Endonucleases

Nicole M. Nichols1

1 New England Biolabs, Inc., Ipswich, Massachusetts
Publication Name:  Current Protocols in Molecular Biology
Unit Number:  Unit 3.12
DOI:  10.1002/0471142727.mb0312s93
Online Posting Date:  January, 2011
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Abstract

Reaction conditions for a variety of endonucleases are detailed in this unit along with discussions of potential applications. Enzymes covered include BAL 31 nuclease, S1 nuclease, mung bean nuclease, micrococcal nuclease, and DNase I. A general discussion regarding the use of endonucleases to generate nonspecific breaks in dsDNA is also provided. For a detailed discussion of the endonucleases more typically associated with DNA damage repair (e.g., Endo III, IV, V and VIII of E. coli and human APE1), see UNIT 3.9. Curr. Protoc. Mol. Biol. 93:3.12.1‐3.12.7. © 2011 by John Wiley & Sons, Inc.

Keywords: DNase I; mung bean nuclease; DNA fragmentation; next‐generation DNA sequencing; micrococcal nuclease; MNase

     
 
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Table of Contents

  • Enzyme 1: Bal 31 Nuclease
  • Enzyme 2: S1 Nuclease
  • Enzyme 3: Mung Bean Nuclease
  • Enzyme 4: Micrococcal Nuclease
  • Enzyme 5: Deoxyribonuclease I (DNase I)
  • Literature Cited
  • Figures
     
 
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Materials

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Figures

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Literature Cited

Literature Cited
   Alexander, M., Heppel, L.A., and Hurwitz, J. 1961. The purification and properties of micrococcal nuclease. J. Biol. Chem. 236:3014‐3019.
   Anderson, S. 1981. Shotgun DNA sequencing using cloned DNase I‐generated fragments. Nucleic Acids Res. 9:3015‐3027.
   Campbell, V.W. and Jackson, D.A. 1980. The effect of divalent cations on the mode of action of DNase I. The initial reaction products produced from covalently closed circular DNA. J. Biol. Chem. 255:3726‐3735.
   Gray, H.B., Ostrander, D.A., Hodnett, J.L., Legerski, R.J., and Robberson, D.L. 1975. Extracellular nucleases of Pseudomonas Bal 31. I. Characterization of single strand‐specific deoxyriboendonuclease and double‐strand deoxyriboexonuclease activites. Nucleic Acids Res. 2:1459‐1492.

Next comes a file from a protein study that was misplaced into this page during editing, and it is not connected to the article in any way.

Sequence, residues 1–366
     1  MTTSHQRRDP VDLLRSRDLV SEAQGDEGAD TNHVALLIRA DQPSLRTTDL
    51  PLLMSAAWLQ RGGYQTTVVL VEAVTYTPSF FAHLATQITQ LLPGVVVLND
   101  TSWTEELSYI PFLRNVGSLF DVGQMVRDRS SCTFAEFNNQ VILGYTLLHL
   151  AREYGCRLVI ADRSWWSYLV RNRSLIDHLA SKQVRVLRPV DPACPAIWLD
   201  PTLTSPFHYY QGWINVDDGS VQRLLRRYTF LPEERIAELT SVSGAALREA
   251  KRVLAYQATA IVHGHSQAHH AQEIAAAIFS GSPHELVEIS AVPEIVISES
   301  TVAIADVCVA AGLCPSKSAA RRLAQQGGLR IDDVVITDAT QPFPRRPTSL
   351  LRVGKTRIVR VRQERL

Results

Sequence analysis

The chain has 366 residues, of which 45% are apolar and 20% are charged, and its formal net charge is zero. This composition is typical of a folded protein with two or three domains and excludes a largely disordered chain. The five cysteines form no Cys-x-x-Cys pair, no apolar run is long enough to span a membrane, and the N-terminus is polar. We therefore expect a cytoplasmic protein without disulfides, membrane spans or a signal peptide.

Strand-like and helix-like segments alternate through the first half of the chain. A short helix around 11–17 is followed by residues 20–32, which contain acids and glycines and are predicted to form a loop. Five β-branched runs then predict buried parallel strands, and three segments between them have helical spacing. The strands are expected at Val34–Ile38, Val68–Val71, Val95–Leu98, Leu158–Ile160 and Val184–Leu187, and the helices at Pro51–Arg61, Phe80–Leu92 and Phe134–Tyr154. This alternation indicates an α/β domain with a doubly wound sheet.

Gray, H.B., Winston, T.P., Hodnett, J.L., Legerski, R.J., Nees, D.W., Wei, C.‐F., and Robberson, D.L. 1981. The extracellular nuclease from Alteromonas espejiana: An enzyme highly specific for nonduplex structure in nominally duplex DNAs. In Gene Amplification and Analysis, Vol. 2: Structural Analysis of Nucleic Acids (J.G. Chirikjian and T.S. Papas, eds.) pp. 169‐203. Elsevier/North Holland, New York.
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   Kroeker, W.D., Kowalski, D., and Laskowski, M. 1976. Mung bean nuclease I. Terminally directed hydrolysis of native DNA. Biochemistry 15:4463‐4467.
   Lau, P.P. and Gray, H.B. 1979. Extracellular nucleases of Alteromonas espejiana Bal 31. IV. The single strand‐specific deoxyriboendonuclease activity as a probe for regions of staltered secondary structure in negatively and positively supercoiled closed circular DNA. Nucleic Acids Res. 6:331‐357.
   Legerski, R.J., Gray, H.B., and Robberson, D.L. 1977. A sensitive endonuclease probe for lesions in DNA helix structure produced by carcinogenic or mutagenic agents. J. Biol. Chem. 252:8740‐8746.
   Legerski, R.J., Hodnett, J.L., and Gray, H.B. 1978. Extracellular nucleases of Pseudomonas Bal 31. III. Use of the double‐strand deoxyriboexonuclease activity as a basis of a convenient method for the mapping of fragments of DNA produced by cleavage with restriction enzymes. Nucleic Acids Res. 5:1445‐1464.
   Moore, S. 1981. Pancreatic DNase. In The Enzymes, Vol. 14A (P.D. Boyer, ed.) pp. 281‐298. Academic Press, San Diego, California.
   O'Neill, L.P. and Turner, B.M. 2003. Immunoprecipitation of native chromatin: NChIP. Methods 31:76‐82.
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   Vogt, V.M. 1980. Purification and properties of S1 nuclease from Aspergillus. Methods Enzymol. 65:248‐254.
   Wei, C.‐F., Alianell, G.A., Bencen, G.H., and Gray, H.B. 1983. Isolation and comparison of two molecular species of the Bal 31 nuclease from Alteromonas espejiana with distinct kinetic properties. J. Biol. Chem. 258:13506‐13512.
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